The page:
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25 ACP Ammunition Details and History

More noted for its handiness in a deep concealment setting than for its stopping power, the .25 ACP is a centerfire cartridge comparable in ballistic performance to the .22 Long Rifle. However, the .25 ACP's centerfire design makes it more reliable in semiautomatic handguns. In metric notation, this cartridge is referred to as the 6.35x16mm. It is a semi-rimmed cartridge that uses small pistol primers. A typical round of .25 ACP ammunition fires a 50 grain bullet at a muzzle velocity of about 760 feet per second, assuming a two inch barrel.

The .25 ACP is the smallest of the centerfire pistol cartridges developed by John Moses Browning. It was introduced in the early 1900s with defensive use in mind, as reflected in the lineup of subcompact handguns offered from FN and Colt at the time. At the time of its introduction, the .25 ACP's jacketed bullet represented a significant advance in reliability over that of the lead-nosed .22 LR. Notable handguns chambered for this caliber include the Beretta Model 21, Taurus Model 25, Baby Browning, and Walther TPH. These are all highly compact pistols that may be concealed where a slightly larger firearm would print visibly.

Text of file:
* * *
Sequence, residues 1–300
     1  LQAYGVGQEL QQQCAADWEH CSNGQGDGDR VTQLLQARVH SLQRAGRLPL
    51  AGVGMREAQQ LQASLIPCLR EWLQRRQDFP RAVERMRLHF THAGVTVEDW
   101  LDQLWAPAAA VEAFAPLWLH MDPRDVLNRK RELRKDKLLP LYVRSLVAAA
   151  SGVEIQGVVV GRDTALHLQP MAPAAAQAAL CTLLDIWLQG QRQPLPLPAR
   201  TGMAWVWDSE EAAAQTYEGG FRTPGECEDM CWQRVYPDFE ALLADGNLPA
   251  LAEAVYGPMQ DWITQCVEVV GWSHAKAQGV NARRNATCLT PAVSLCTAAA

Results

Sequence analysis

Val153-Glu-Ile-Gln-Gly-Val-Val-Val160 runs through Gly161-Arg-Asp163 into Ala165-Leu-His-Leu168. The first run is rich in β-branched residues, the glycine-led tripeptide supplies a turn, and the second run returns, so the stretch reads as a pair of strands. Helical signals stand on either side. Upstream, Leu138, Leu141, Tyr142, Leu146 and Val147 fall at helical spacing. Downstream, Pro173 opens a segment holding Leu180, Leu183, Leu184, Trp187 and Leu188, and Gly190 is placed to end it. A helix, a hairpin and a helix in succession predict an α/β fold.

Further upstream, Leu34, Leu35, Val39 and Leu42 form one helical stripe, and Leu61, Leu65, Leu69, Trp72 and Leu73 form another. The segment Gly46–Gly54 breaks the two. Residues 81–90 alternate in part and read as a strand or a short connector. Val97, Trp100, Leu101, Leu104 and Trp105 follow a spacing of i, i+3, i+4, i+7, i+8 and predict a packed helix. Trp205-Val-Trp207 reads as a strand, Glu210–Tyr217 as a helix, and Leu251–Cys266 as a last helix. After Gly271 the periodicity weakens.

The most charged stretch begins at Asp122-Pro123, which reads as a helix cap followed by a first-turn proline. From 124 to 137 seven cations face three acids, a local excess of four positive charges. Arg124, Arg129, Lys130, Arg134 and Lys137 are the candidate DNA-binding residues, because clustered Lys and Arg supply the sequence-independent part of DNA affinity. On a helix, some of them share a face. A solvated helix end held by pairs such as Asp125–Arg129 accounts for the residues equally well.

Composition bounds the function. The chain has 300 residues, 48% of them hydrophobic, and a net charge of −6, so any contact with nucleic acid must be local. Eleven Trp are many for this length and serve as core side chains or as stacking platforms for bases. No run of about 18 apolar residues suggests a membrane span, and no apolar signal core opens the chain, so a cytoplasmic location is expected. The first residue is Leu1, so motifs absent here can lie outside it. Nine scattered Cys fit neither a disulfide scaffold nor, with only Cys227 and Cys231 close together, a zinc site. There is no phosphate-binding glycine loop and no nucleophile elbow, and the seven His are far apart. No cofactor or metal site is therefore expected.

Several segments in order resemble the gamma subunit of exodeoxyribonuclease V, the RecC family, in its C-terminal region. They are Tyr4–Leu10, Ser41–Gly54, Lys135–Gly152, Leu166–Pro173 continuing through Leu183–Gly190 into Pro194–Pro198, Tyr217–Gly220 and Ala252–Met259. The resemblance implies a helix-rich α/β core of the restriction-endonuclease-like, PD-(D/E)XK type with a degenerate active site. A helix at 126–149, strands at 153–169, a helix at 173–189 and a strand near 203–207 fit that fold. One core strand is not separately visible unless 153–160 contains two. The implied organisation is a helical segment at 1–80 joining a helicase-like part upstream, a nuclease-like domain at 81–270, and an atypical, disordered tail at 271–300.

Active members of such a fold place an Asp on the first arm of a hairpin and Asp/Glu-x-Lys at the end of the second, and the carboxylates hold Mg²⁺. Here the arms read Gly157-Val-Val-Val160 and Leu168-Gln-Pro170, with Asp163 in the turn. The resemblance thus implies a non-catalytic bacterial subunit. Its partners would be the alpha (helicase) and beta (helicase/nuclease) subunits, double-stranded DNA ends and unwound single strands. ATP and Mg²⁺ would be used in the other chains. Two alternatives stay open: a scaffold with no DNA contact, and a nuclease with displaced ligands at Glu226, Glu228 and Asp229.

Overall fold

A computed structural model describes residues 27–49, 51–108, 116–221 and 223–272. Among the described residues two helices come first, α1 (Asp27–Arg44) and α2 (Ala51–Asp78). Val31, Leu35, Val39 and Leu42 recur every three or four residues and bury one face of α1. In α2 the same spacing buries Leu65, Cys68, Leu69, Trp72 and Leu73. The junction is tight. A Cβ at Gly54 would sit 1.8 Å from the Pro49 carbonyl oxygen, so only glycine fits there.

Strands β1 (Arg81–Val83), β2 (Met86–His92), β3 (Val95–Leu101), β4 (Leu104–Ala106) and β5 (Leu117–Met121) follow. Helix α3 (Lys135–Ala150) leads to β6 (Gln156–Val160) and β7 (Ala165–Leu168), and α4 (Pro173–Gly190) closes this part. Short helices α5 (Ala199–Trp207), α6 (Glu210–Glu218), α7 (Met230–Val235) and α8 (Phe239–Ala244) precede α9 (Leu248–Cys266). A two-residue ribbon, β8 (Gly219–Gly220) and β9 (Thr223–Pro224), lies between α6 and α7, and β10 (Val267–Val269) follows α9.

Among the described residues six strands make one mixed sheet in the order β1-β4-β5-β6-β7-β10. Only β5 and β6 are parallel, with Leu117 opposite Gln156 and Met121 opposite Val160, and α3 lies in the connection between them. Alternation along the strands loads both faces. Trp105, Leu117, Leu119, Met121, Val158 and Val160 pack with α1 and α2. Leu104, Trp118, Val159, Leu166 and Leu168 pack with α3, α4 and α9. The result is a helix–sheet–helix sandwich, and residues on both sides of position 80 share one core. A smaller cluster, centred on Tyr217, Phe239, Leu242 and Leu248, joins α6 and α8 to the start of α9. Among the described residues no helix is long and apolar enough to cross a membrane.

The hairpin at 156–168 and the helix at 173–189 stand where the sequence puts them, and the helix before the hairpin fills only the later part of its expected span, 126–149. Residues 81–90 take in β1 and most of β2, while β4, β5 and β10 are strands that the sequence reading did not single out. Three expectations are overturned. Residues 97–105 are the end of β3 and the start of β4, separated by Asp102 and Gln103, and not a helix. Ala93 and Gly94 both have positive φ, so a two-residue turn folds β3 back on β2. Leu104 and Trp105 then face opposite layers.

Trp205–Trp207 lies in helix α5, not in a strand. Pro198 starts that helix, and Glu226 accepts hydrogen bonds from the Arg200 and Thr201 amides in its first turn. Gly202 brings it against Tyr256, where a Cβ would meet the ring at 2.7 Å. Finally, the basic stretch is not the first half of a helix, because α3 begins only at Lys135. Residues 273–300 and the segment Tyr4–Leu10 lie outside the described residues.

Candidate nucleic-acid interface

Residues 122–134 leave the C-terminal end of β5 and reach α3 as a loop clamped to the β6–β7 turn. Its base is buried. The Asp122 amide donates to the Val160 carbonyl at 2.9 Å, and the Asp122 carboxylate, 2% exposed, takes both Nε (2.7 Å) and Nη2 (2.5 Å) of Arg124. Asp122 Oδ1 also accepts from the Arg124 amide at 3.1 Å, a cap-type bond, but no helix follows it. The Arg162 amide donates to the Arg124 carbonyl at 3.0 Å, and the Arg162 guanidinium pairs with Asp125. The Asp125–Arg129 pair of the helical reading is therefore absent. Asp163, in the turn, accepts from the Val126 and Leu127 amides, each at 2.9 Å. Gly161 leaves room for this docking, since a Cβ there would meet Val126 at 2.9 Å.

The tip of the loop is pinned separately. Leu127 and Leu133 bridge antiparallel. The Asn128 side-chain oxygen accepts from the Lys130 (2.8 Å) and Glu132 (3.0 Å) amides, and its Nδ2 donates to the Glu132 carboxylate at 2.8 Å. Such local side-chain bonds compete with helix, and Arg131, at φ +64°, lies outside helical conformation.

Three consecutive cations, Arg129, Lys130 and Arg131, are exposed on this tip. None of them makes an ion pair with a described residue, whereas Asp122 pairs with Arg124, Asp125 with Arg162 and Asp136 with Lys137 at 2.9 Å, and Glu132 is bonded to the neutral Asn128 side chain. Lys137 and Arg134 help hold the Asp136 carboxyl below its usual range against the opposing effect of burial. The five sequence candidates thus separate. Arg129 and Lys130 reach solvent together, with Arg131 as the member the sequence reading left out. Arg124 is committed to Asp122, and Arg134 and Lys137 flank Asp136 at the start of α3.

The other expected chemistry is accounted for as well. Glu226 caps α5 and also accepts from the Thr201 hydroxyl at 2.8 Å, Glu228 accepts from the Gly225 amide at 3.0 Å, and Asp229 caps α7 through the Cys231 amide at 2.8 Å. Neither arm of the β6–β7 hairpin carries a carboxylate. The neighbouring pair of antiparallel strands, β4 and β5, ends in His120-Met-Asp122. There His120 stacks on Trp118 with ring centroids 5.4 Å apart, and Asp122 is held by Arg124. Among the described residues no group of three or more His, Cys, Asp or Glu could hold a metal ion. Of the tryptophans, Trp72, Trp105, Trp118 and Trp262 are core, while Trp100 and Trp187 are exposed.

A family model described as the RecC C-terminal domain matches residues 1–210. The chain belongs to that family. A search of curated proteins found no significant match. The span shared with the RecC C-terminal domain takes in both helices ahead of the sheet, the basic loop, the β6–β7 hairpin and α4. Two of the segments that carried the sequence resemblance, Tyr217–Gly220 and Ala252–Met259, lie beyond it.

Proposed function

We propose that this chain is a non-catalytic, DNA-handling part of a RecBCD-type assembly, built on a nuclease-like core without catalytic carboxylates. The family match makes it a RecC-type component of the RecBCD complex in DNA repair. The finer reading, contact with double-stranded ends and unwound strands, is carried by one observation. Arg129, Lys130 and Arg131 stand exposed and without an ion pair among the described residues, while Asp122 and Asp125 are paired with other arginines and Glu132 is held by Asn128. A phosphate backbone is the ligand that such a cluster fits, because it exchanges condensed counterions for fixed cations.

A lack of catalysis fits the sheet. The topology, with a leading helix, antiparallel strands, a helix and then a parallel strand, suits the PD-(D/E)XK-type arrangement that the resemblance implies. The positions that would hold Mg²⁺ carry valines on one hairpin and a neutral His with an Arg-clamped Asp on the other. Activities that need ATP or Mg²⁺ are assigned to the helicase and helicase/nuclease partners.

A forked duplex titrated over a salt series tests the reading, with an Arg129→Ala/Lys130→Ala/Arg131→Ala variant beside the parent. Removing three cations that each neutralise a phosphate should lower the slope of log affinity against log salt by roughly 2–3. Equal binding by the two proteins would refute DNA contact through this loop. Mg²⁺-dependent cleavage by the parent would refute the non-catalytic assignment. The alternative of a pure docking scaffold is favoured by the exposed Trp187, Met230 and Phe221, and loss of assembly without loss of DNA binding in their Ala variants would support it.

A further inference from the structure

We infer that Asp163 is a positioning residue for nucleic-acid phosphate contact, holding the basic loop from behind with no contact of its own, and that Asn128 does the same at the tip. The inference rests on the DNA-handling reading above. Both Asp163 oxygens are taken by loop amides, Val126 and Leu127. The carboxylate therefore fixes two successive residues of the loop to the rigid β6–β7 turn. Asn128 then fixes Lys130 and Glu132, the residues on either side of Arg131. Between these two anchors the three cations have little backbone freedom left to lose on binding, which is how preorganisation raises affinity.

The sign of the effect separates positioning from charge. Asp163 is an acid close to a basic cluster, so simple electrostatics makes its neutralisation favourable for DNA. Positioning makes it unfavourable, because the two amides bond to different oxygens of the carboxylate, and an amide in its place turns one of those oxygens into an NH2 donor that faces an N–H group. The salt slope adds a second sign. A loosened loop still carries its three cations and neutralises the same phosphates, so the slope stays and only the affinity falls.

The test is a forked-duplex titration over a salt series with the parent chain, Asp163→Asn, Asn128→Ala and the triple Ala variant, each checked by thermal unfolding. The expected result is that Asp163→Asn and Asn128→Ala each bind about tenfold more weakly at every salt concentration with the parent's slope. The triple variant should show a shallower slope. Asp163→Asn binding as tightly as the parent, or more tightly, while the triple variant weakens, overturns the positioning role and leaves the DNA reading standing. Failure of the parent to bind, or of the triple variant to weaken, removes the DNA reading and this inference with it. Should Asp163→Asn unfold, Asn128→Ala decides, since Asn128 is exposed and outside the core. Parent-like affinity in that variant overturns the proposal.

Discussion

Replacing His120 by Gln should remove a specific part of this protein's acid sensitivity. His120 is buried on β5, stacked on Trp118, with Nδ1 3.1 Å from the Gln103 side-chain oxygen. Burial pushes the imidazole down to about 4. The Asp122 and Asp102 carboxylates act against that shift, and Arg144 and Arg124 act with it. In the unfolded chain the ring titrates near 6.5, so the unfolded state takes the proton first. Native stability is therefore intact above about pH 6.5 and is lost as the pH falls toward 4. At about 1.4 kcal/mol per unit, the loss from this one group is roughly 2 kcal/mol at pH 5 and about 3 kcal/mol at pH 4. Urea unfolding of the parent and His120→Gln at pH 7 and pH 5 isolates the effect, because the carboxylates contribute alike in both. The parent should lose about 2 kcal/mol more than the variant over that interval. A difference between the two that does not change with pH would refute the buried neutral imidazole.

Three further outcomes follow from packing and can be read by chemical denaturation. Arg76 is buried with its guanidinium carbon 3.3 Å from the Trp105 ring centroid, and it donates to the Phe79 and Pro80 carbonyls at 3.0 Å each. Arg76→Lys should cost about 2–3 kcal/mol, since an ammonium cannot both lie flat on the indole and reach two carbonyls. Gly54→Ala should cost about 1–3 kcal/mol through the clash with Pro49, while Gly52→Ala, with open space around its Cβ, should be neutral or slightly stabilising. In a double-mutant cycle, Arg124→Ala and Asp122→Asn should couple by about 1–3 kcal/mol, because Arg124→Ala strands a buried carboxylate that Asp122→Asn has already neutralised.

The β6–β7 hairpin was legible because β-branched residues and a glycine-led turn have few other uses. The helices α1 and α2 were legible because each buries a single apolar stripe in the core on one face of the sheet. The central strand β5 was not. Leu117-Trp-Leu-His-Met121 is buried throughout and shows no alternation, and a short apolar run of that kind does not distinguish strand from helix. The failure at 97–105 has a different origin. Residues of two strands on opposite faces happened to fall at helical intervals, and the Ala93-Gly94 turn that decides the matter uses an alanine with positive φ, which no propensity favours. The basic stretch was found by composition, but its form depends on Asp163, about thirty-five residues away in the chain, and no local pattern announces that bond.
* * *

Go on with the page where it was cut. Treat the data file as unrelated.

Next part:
Since this cartridge is primarily used for concealed carry or target shooting, available .25 ACP ammo is mostly of the full metal jacket (FMJ) or jacketed hollow point (JHP) varieties. Unlike most calibers, the .25 ACP is used defenisvely with FMJ projectiles as a means of improving bullet penetration, due to the cartridge's limited power. However, modern JHPs offer a high-expansion alternative that performs much better than the designs available for most of the 20th century.